Monday, May 09, 2016

Nirvana in Fire

As little children reading fairy tales with their all-too-predictable happy endings, we are brought up to expect our kings and queens to be kind, gentle and righteous paragons. Anyone else behaving otherwise would have no choice but to be tragically typecast as the opprobrious villain.

Clearly demarcated pieces of black and white with very few anti heroes in shades of gray. For those keenly following stereotypical Chinese serial dramas, they would find little to complain about since the heroes and villains are clearly marked right from the beginning. Simple enough to pick out the dastardly libertines in a Chinese wuxia since there's a certain pronounced look and behaviour easily discernable to regular viewers from the ever-present devilish sneer to the sharp, dramatically arched eyebrows.

And their heroes are always ever-so-righteous.

Perhaps wonderful on the written text but in real life, most of us would find these exemplary protagonists utterly unbearable. Even more so if these paragons manage to somehow stumble their way to the throne. And I do mean stumble since otherwise it would be quite impossible to achieve that ultimate goal without guile or gumption.

Which is just about the premise for the latest Chinese historical drama Nirvana in Fire 琅琊榜. Something I've been wildly addicted to lately.

Based on the novel with the same name, it tells the story of the terrifyingly brilliant Lin Shu, who under the alias of political strategist Mei Changsu, has come to seek justice for his family after having been treacherously branded as traitors more than a decade ago. To achieve his apparently nefarious goals, he secretly enlists the help of his old allies to revitalize the imperial ambitions of a long neglected prince.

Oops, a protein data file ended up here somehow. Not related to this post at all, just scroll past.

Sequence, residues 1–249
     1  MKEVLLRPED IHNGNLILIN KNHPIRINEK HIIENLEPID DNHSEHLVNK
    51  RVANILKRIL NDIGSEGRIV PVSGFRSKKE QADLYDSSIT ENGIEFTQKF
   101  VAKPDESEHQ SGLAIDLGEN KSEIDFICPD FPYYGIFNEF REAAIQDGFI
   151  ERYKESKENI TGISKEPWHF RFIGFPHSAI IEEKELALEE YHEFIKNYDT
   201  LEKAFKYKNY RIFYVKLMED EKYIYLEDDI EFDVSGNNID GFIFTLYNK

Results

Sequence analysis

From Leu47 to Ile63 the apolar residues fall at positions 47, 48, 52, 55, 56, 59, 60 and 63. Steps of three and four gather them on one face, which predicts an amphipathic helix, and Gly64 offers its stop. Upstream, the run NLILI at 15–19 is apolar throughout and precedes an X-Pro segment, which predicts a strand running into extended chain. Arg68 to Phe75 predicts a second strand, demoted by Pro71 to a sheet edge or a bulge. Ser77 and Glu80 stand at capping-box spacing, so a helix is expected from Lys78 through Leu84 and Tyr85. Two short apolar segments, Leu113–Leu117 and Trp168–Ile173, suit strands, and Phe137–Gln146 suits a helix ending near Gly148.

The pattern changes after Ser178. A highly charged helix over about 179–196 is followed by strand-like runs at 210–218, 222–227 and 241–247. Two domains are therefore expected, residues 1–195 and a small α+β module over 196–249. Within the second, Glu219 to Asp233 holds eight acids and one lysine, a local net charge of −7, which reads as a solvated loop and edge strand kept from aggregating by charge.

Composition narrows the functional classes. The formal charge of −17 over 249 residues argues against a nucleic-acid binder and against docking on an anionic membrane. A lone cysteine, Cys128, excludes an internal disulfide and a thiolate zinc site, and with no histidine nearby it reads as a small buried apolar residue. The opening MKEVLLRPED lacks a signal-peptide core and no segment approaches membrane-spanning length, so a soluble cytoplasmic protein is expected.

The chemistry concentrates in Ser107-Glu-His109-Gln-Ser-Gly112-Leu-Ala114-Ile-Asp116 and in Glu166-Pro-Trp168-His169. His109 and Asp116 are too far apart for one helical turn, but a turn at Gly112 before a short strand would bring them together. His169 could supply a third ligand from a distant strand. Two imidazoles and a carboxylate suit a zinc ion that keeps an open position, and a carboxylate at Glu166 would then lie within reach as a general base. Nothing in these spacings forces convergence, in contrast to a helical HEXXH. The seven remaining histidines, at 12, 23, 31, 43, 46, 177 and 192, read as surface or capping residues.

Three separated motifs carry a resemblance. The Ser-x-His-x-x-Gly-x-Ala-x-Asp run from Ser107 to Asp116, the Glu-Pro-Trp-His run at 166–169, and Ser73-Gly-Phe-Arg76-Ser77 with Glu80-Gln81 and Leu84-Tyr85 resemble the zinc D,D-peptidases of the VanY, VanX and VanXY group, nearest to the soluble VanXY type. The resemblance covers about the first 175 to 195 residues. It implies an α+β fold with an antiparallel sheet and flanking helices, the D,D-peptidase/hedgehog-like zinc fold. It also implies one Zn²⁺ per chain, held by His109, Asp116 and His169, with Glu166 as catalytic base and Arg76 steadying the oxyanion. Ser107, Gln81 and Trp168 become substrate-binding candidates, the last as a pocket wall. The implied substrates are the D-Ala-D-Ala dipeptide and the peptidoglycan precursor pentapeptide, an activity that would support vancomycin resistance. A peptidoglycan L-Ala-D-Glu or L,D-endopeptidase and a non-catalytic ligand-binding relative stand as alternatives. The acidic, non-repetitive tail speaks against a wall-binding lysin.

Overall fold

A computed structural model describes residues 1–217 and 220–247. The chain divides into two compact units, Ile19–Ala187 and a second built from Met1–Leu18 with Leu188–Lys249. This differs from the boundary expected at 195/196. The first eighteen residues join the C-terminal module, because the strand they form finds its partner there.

And undeniably crush the sorry pretensions of all other potential adversaries - that coincidentally includes most of the villains involved in the insidious conspiracy years ago. Think of it as another take on the Count of Monte Cristo though like any intricate Chinese puzzlebox, it's far more complex than it first seems.

Rather than focus solely on the unprincipled political maneuverings, the series deals more with the sincere friendship and brotherhood amongst the main protagonists. In fact the near negligible heterosexual romance is almost eclipsed by the sheer number of bromances evidently shown; most importantly the preeminent bond between Mei Changsu and the cherished object of his Machiavellian machinations, Prince Jing.

Despite being seemingly disgusted by the schemes and stratagems of Mei Changsu, the overly principled, self-righteous prince can't help but be intrigued by him - and the rare telling quirks he mysteriously shares with his late best friend, Lin Shu.

Is this the end of a bad bromance?

However like every other Chinese novel or drama series, the morally upright characters all seem hellbent on denigrating the artful schemers - not immediately realizing that without their help, the holier-than-thou do-gooders probably wouldn't be able to achieve their noble aspirations. Fueled mainly by a false sense of honour and loads of senseless impulse, half of them would have witlessly marched to the executioner's axe if not for the timely advice of master strategist Mei Changsu.

And let's be honest, a virtuous, honourable king with little guile or wile likely wouldn't last too long with all the wicked court intrigues. That only happens in fairy tales.

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